|Topic Review (Newest First)|
|02-23-2013 09:48 PM|
Set it all up without glue on the PVC. Hand tighten the slip fit fittings. They will hold long enough for a test. It may leak, but none of these are high enough pressure to actually fall apart. Maybe do this outdoors to be really safe.
Try adjusting the height of each elbow until the system is working for you. Then drain and dry it, and mark the pipes. Glue them.
|02-23-2013 03:27 PM|
or just get a bigger gravity fed drain line and it'll be just almost as quite, have one drian pipe, and will resist clogging unless a large fish gets in
i have a 1.5 in drain line on my 75 gallon handling 600 GPH
its as quite as my 29 is that has a full sihpon running now
oversize your drain lines. its one of life's little miracles
|02-21-2013 11:57 PM|
|VAtanks||agreed, this system is pretty customizable, but works good for incredibly high flow....like 800-1000 gallons per hour. of course thats pipe diameter dependant and your inline ball valves being dialed in.|
|02-21-2013 05:06 AM|
|scbrooks87||To answer this question is a little tough. Are you going to have a chamber designated for the overflow? If so, you want it set up so the openings of the 2 downturned 90 degree elbows are just below the desired surface level of the water, and then for the third pipe with the upturned 90... you want that a little ways below the top of the tank but above the desired water level, that way it only gets used if the water raises above normal operating depth due the a clog or something. Be ware that this system allows you to control your water level to a degree in the chamber its in, by slowing the siphon you can raise the water, and by opening the siphon it will lower the level... its a fine balance but very effective.|
|02-20-2013 06:31 PM|
|02-20-2013 06:18 PM|
As to how hight you need to mount the pipes will be determined by the gallons per hour your sump is moving. With the BeanAnimal you have three Standpipes. the first one is just a restricted drain and it will take about 10 percent of your total flow, and will be underwater so very quiet the second is a durso standpipe with an air hose that attaches to it and is suctioncupped to the inside of the over flow. the lenght of hose determines when the siphon action starts, when the water covers the hose and stops the air vent a siphone is started and water will fow, this pipe is to hold 90 percent of the flow. The emergency pipe is the same as the other durso but with the air line cut higher and will function to take the same 90 percent in case of the first pipe being plugged.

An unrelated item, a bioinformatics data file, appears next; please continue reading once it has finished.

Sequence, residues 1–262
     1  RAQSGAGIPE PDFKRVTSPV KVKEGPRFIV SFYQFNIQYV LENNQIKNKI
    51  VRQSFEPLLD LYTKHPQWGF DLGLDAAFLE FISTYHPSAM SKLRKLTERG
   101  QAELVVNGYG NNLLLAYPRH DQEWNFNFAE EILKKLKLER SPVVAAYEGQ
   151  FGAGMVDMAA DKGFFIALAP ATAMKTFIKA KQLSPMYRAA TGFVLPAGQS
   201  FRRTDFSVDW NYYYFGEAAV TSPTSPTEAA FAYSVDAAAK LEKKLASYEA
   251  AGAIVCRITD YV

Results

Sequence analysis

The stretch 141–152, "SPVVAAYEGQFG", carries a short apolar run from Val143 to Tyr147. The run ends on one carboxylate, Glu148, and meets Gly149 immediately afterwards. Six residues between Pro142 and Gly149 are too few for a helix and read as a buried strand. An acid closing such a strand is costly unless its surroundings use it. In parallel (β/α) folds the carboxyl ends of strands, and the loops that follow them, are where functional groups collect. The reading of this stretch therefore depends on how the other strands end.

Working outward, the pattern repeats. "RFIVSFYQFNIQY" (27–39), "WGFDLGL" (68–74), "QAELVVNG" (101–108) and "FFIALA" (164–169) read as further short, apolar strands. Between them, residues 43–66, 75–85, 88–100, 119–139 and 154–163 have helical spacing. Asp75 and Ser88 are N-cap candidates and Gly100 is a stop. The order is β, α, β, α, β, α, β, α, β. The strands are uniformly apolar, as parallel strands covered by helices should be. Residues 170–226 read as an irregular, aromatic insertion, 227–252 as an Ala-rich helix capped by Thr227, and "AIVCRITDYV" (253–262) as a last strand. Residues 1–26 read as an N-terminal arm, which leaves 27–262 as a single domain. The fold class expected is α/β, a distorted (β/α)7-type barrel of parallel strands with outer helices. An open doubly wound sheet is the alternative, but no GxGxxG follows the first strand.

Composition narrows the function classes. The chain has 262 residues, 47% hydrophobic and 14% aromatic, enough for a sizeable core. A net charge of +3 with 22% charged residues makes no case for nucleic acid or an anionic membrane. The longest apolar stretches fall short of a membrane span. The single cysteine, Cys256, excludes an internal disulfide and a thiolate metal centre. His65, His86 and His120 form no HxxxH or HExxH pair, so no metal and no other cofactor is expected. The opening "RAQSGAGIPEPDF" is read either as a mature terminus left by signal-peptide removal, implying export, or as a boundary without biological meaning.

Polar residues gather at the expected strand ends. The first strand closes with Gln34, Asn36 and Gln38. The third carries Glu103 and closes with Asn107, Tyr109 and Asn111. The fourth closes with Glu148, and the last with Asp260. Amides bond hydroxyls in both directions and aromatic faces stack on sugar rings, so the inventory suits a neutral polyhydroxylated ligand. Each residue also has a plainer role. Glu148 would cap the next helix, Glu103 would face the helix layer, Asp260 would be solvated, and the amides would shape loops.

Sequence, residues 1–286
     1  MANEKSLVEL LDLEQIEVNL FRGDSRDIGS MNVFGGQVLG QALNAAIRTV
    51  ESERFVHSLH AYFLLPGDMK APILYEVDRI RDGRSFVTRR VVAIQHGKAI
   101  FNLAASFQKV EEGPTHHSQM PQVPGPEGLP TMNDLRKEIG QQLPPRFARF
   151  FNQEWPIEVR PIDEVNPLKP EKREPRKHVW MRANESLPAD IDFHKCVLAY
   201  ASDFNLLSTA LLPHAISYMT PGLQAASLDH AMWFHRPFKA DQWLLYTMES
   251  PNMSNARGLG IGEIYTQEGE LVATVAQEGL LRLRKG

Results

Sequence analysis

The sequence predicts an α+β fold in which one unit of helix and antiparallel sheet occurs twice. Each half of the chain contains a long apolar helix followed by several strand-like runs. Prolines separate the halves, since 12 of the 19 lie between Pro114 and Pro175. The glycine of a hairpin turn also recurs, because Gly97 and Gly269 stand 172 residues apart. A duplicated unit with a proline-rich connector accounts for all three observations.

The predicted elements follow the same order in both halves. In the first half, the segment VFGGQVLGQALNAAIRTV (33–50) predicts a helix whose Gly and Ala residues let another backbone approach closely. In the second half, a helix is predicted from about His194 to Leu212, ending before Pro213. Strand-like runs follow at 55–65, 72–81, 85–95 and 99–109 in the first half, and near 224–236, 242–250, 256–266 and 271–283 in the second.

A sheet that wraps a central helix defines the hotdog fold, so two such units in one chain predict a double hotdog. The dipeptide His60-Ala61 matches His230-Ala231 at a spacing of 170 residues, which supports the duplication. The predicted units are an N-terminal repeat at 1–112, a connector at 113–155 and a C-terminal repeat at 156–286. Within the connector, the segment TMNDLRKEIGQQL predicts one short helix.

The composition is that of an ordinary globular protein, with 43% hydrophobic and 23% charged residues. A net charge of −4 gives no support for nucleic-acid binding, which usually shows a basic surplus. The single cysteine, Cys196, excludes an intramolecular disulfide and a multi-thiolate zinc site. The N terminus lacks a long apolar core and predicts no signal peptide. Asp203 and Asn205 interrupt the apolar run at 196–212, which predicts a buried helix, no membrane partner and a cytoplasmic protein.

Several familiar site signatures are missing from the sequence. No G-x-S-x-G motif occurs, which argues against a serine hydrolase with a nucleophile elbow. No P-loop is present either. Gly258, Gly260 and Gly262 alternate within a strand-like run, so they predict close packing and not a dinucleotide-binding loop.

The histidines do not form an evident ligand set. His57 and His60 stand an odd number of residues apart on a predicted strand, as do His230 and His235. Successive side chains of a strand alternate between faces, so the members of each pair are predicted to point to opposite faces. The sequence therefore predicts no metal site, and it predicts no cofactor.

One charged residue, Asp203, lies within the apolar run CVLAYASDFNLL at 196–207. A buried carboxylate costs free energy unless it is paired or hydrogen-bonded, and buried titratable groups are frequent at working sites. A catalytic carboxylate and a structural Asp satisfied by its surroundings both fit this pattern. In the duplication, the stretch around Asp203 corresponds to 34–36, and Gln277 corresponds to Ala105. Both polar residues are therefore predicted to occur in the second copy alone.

So to answer your question on how high you would have to raise your pipes you will need to figure out what size pipes your going to be using, what your overflow box is rated for in Gallons per hour, how much water your moving through your sump and returning to the tank. Once you have that all noodled out as long as the water falling out of the over flow into the sump has a minimal fall, meaning its only dropping maybe 1" above the max water level in the sump its pretty quiet, another way to help reduc noise is when you plumb the drains use 45 degree elbows and slope the water into the sump and have an acrylic lid with the three holes for pipes to fit into. the lid prevents what little splashing there is.
You may or may not have read this article but i thought id link it anyways
|02-20-2013 04:45 PM|
Overflow Design question...
I'm trying to build this custom tank and I'd like to design it sketchup before I start building. Right now I'm designing the overflow and would like to use the Bean Animal overflow.
My question is, how high or low on the glass do I mount the pipes?
This is my design so far...
I'm assuming the best place would be so the emergency pipe (upturned elbow) is just barely below the wall in the overflow box? I'm assuming if you mounted them lower on the side that you'd potentially get the noise of water flowing over the wall.
So basically, where is the "prime" location for low noise, safety, anti-flooding?